Stream: project-ffi-unwind

Topic: Defining POFs


view this post on Zulip BatmanAoD (Kyle Strand) (May 28 2020 at 18:27):

@WG-ffi-unwind I'd appreciate feedback on this new section defining POF: https://github.com/BatmanAoD/project-ffi-unwind/blob/Rfc-POF-terminology/rfcs/0000-c-unwind-abi.md#plain-old-frames

view this post on Zulip acfoltzer (May 28 2020 at 18:33):

I like that a lot. it seems very clear

view this post on Zulip BatmanAoD (Kyle Strand) (May 28 2020 at 18:39):

Thanks!

view this post on Zulip simulacrum (May 28 2020 at 18:47):

Hm so maybe I misunderstood, but my understanding is that this "Note that a non-POF may become a POF, for instance if all Drop objects are moved out of scope," is maybe too simplistic?

In particular, for something like this:

fn foo(c: bool, v: Droppy) {
    if c {
       std::mem::drop(c);
   }
   call_thing_that_will_try_to_skip_this_frame();
}

I believe we'll currently have a drop flag on the stack and as such the foo function is not POF even though all drop object are out of scope and won't drop

view this post on Zulip simulacrum (May 28 2020 at 18:48):

I don't know the details of why we require POF -- so I'm not sure if the drop flag means UB. But we should be sure to clarify and either link to or include it in the RFC, IMO.

view this post on Zulip simulacrum (May 28 2020 at 18:49):

(in the above Droppy implements Drop, to be clear)

view this post on Zulip BatmanAoD (Kyle Strand) (May 28 2020 at 19:03):

The intent is to specify frames that can be safely deallocated without executing any drop glue, whether or not drop glue would execute in "normal" unwinding. Deallocation without stopping at landing pads is probably most common with longjmp.

view this post on Zulip BatmanAoD (Kyle Strand) (May 28 2020 at 19:22):

For the example, it shouldn't be UB if c was true.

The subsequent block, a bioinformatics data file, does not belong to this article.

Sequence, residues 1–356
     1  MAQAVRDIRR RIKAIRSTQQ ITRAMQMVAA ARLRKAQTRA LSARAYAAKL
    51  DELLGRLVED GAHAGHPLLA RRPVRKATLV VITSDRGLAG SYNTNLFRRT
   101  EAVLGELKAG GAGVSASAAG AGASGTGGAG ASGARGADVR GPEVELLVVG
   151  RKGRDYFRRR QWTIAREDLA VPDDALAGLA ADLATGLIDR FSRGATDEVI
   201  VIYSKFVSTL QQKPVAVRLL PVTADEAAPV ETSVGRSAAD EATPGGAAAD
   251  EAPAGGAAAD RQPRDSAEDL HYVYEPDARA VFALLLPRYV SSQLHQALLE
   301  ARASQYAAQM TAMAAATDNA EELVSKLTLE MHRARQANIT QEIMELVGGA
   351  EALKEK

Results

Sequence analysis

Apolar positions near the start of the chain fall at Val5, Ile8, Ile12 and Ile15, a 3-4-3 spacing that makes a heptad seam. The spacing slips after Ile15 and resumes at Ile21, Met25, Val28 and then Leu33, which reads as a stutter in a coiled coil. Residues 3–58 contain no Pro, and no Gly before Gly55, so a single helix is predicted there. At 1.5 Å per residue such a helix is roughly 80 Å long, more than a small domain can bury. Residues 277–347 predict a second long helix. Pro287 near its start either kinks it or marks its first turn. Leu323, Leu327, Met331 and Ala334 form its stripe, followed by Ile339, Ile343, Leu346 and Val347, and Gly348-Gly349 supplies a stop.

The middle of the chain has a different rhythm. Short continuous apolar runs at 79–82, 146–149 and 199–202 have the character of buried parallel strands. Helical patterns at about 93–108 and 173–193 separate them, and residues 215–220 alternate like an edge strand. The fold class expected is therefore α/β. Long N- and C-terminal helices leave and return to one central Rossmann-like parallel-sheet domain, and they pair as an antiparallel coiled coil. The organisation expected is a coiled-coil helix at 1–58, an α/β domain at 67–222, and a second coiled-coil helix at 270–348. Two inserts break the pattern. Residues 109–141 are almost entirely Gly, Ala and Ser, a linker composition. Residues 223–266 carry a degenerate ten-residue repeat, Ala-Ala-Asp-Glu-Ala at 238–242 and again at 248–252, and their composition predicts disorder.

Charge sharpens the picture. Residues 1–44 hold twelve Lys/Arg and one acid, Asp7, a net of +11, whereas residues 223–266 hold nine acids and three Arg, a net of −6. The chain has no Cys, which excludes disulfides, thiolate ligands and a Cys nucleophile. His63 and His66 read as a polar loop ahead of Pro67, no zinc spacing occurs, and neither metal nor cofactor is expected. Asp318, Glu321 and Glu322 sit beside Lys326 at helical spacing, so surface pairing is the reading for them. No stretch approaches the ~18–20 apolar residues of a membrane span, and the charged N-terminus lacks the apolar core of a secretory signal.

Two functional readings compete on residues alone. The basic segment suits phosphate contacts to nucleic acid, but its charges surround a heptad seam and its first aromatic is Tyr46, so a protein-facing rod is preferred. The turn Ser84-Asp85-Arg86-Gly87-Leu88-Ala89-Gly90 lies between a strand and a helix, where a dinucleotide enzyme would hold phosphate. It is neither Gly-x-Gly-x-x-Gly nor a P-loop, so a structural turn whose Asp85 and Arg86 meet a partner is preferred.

view this post on Zulip simulacrum (May 28 2020 at 20:01):

oh, yes, sorry, I meant that c was true in that case -- note that drop glue would get executed in that case

view this post on Zulip simulacrum (May 28 2020 at 20:01):

but that drop glue would look something like if !was_dropped { ... }

view this post on Zulip simulacrum (May 28 2020 at 20:02):

it seems like it should be true that this can be safely skipped, but I am not 100% sure that is always true -- it definitely seems like it relies a good bit on how that's structured exactly

view this post on Zulip BatmanAoD (Kyle Strand) (May 28 2020 at 20:05):

Perhaps the next step is to ask for confirmation from LLVM devs that skipping the cleanup there (or in an equivalent C++ scenario involving longjmp) is not UB?

view this post on Zulip Amanieu (May 28 2020 at 20:18):

C++ doesn't have drop flags, destructors are always executed.

view this post on Zulip BatmanAoD (Kyle Strand) (May 28 2020 at 20:28):

Right - so the equivalent scenario would be a destructor that may or may not perform non-trivial cleanup depending on the object's state

view this post on Zulip BatmanAoD (Kyle Strand) (May 28 2020 at 20:29):

E.g., is it UB to unwind over a frame with a unique_ptr after it's been moved-from?

view this post on Zulip Amanieu (May 29 2020 at 10:34):

Technically, yes. (Also I assume you meant longjmp instead of unwind)

view this post on Zulip nikomatsakis (May 29 2020 at 15:16):

I also feel a bit of uncertainty around this question

view this post on Zulip nikomatsakis (May 29 2020 at 15:16):

I suspect it's one of those that almost always works but I'm worried about edge cases

view this post on Zulip BatmanAoD (Kyle Strand) (May 29 2020 at 15:23):

Yes, sorry, I did mean longjmp

view this post on Zulip BatmanAoD (Kyle Strand) (May 29 2020 at 15:25):

I realize it would be undefined according to the ISO C++ standard (due to the way "moved-from" objects are specified), but I'm curious whether LLVM provides stronger guarantees for a specific unique_ptr implementation (since we're not concerned with the specification of the C++ standard lib, but with the safety of skipping "trivial cleanup" operations)

view this post on Zulip Amanieu (May 30 2020 at 02:36):

I'm tending towards allowing this. As long as the destructor is effectively a no-op, we can safely elide it. AFAIK LLVM doesn't perform any code transformations that might invalidate that.


Last updated: Jan 26 2022 at 08:46 UTC